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Charles Frederick Crisp

From Wikipedia, the free encyclopedia

Charles Frederick Crisp
33rd Speaker of the United States House of Representatives
In office
December 8, 1891 – March 4, 1895
PresidentBenjamin Harrison
Grover Cleveland
Preceded byThomas B. Reed
Succeeded byThomas B. Reed
Leader of the House Democratic Caucus
In office
December 8, 1891 – March 4, 1895
Preceded byJohn G. Carlisle
Succeeded byJames D. Richardson
Member of the U.S. House of Representatives
from Georgia's 3rd district
In office
March 4, 1883 – October 23, 1896
Preceded byPhilip Cook
Succeeded byCharles R. Crisp
Personal details
Born(1845-01-29)January 29, 1845
Sheffield, England
DiedOctober 23, 1896(1896-10-23) (aged 51)
Atlanta, Georgia
Political partyDemocratic

Charles Frederick Crisp (January 29, 1845 – October 23, 1896) was a United States political figure. A Democrat, he was elected as a Congressman from Georgia in 1882, and served until his death in 1896. From 1890 until his death, he was leader of the Democratic Party in the House, as either the House Minority Leader or the Speaker of the House. He was also the father of Charles R. Crisp who also served in Congress.


Crisp was born in Sheffield, England on January 29, 1845. Later in that year, his parents immigrated to the United States and settled in Georgia where he attended the common schools of Savannah and Macon, Georgia. At the outbreak of the American Civil War, he was temporarily residing in Luray, Virginia, with his parents, who were in the middle of a Shakespearean play tour. He enlisted in a local unit, the "Page Volunteers" of Company K, 10th Virginia Infantry, and was commissioned lieutenant. He served with that regiment until May 12, 1864, when he became a prisoner of war at the Battle of Spotsylvania Court House. He was held as one of the Immortal Six Hundred at Fort Pulaski, Georgia, and later transferred to Fort Delaware. After his release in June 1865, he joined his parents at Ellaville, Georgia.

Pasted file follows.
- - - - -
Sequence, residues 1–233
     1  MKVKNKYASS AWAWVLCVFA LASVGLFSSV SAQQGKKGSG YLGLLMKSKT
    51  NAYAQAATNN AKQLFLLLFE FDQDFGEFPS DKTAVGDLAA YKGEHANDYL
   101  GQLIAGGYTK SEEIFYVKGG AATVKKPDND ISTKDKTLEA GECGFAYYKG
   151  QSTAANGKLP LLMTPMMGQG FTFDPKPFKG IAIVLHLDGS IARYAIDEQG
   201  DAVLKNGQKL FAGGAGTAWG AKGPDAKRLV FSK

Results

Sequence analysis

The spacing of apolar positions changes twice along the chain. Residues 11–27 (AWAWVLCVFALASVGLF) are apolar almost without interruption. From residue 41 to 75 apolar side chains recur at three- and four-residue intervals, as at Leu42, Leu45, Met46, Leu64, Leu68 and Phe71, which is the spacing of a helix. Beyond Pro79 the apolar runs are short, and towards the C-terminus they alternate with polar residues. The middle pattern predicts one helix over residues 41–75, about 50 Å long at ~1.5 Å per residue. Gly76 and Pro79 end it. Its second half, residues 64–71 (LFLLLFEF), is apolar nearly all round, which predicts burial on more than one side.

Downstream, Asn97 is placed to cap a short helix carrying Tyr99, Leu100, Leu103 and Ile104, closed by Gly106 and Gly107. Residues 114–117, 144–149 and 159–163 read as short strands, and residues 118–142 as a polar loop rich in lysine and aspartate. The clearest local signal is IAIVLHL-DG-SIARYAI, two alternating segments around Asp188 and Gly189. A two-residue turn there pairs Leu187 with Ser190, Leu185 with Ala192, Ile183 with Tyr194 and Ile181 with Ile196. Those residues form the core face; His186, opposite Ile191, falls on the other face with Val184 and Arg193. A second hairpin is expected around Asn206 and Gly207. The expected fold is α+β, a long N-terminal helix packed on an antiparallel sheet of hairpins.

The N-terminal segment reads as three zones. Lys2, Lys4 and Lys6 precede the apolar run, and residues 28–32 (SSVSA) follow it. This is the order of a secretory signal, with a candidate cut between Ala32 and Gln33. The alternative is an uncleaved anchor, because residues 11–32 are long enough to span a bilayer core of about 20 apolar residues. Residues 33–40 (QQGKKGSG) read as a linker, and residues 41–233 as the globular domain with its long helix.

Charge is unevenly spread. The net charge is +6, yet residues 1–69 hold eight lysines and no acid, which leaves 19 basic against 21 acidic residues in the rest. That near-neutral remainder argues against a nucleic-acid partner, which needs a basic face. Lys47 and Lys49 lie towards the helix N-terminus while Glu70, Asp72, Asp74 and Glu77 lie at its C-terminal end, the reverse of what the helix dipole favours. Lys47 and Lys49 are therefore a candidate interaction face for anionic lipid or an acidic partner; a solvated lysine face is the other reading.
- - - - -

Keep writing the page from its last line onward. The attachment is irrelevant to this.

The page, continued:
Crisp studied law at Americus, Georgia. He was admitted to the bar in 1866 and commenced practice in Ellaville. He was appointed solicitor general of the southwestern judicial circuit in 1872 and reappointed in 1873 for a term of four years. Later, he was appointed judge of the superior court of the same circuit in June 1877. Crisp was elected by the general assembly to the same office in 1878 and reelected judge for a term of four years in 1880 when resigned that office in September 1882 to accept the Democratic nomination for the United States Congress.

Clara Bell Burton
Clara Bell Burton